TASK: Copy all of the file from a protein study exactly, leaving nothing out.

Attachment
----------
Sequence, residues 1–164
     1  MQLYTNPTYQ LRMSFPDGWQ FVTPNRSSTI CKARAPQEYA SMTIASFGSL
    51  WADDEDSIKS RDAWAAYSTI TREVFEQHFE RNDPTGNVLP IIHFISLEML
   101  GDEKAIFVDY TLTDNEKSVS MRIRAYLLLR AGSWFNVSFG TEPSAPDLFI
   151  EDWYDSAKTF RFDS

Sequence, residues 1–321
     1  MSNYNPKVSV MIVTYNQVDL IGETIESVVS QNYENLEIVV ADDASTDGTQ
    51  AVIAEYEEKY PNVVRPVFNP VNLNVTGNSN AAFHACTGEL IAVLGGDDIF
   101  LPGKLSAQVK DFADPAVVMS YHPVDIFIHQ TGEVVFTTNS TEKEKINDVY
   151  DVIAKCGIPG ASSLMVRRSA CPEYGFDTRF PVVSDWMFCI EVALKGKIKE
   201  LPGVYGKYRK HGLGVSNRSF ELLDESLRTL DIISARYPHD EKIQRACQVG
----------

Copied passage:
Sequence, residues 1–164
     1  MQLYTNPTYQ LRMSFPDGWQ FVTPNRSSTI CKARAPQEYA SMTIASFGSL
    51  WADDEDSIKS RDAWAAYSTI TREVFEQHFE RNDPTGNVLP IIHFISLEML
   101  GDEKAIFVDY TLTDNEKSVS MRIRAYLLLR AGSWFNVSFG TEPSAPDLFI
   151  EDWYDSAKTF RFDS

Sequence, residues 1–321
     1  MSNYNPKVSV MIVTYNQVDL IGETIESVVS QNYENLEIVV ADDASTDGTQ
    51  AVIAEYEEKY PNVVRPVFNP VNLNVTGNSN AAFHACTGEL IAVLGGDDIF
   101  LPGKLSAQVK DFADPAVVMS YHPVDIFIHQ TGEVVFTTNS TEKEKINDVY
   151  DVIAKCGIPG ASSLMVRRSA CPEYGFDTRF PVVSDWMFCI EVALKGKIKE
   201  LPGVYGKYRK HGLGVSNRSF ELLDESLRTL DIISARYPHD EKIQRACQVG